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'The Young and the Restless': Cassie phantasm casts 'Dark Shadows'

This modern incarnation of Sharon's first child acts in non-Cassie directions.
This modern incarnation of Sharon's first child acts in non-Cassie directions. Photo by Mark Davis/Getty Images

NBC's soap opera 'Passions' explored paranormal themes during it's day in the sun from 1999 through 2007. (That daytime drama also received a brief extension on DirecTV through 2008.) So, is it possible that the writing staff at CBS' 'The Young and the Restless' was told to shift their 'Cassie Newman' scripts in a similar supernatural fashion?

'Sharon Newman' (Sharon Case) originally began seeing regular visions of her late daughter due to a lack of prescribed medicine. While sightings of 'Cassie' had been explored before, those images weren't portrayed as apparitions. Instead, they represented fond memories of a lost loved one.

When it was revealed last year that Camryn Grimes would be returning to the set for an extended stay, otherworldly events were anticipated. But, this modern incarnation of 'Sharon's' first child subsequently began acting in unusual directions.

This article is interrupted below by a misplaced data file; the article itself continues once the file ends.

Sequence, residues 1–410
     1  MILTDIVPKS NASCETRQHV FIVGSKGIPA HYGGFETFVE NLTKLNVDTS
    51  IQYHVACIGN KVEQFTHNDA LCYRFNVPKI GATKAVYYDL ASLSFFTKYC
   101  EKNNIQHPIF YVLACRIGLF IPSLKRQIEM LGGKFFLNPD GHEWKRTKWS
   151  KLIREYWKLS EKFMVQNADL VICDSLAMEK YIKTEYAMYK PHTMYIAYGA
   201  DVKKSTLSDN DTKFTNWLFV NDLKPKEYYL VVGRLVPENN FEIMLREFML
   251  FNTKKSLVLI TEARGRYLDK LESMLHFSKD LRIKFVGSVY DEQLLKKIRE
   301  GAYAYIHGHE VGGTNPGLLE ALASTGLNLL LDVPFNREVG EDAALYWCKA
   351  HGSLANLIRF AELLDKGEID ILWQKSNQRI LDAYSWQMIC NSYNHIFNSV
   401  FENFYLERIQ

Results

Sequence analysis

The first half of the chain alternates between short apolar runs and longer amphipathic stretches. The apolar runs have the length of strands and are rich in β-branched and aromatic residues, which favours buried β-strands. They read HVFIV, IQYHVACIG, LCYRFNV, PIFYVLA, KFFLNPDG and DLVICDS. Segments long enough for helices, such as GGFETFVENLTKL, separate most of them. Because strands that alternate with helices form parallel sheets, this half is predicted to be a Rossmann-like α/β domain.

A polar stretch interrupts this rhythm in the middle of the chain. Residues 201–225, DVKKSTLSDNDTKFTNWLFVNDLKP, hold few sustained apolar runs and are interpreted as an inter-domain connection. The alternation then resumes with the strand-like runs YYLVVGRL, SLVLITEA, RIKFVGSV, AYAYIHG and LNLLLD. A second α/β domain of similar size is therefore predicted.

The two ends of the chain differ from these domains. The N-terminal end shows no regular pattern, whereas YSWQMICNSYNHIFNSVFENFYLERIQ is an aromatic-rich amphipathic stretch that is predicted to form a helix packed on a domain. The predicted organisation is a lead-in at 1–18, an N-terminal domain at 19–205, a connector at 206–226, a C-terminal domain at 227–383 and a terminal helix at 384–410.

At times, this apparent figment of her mother's imagination would encourage deceptive behavior. With all due consideration regarding Grimes' original final story line (circa 2005), viewers knew that 'Cassie' would never encourage 'Sharon' to act dishonestly.

Recently, in addition to two-way conversations with this phantom having ceased, 'Sharon' believed that she physically touched her beloved deceased.

One of the clues that could confirm an otherworldly plot direction would be if other characters spot whoever Grimes is portraying. Now that doppelganger (a twin sister, or look-a-like cousin) odds might be decreasing, viewers must be wondering if 'YR' is actually plotting an old-school ABC 'Dark Shadows' change in 'Cassie's' direction?

Too bad Michael Muhney isn't still around. 'Cassie's' uncle, 'Adam Newman', could have easily been transformed into a twenty-first century version of Jonathan Frid's 'Barnabas Collins'. But, the past is gone and ghost games now play on.

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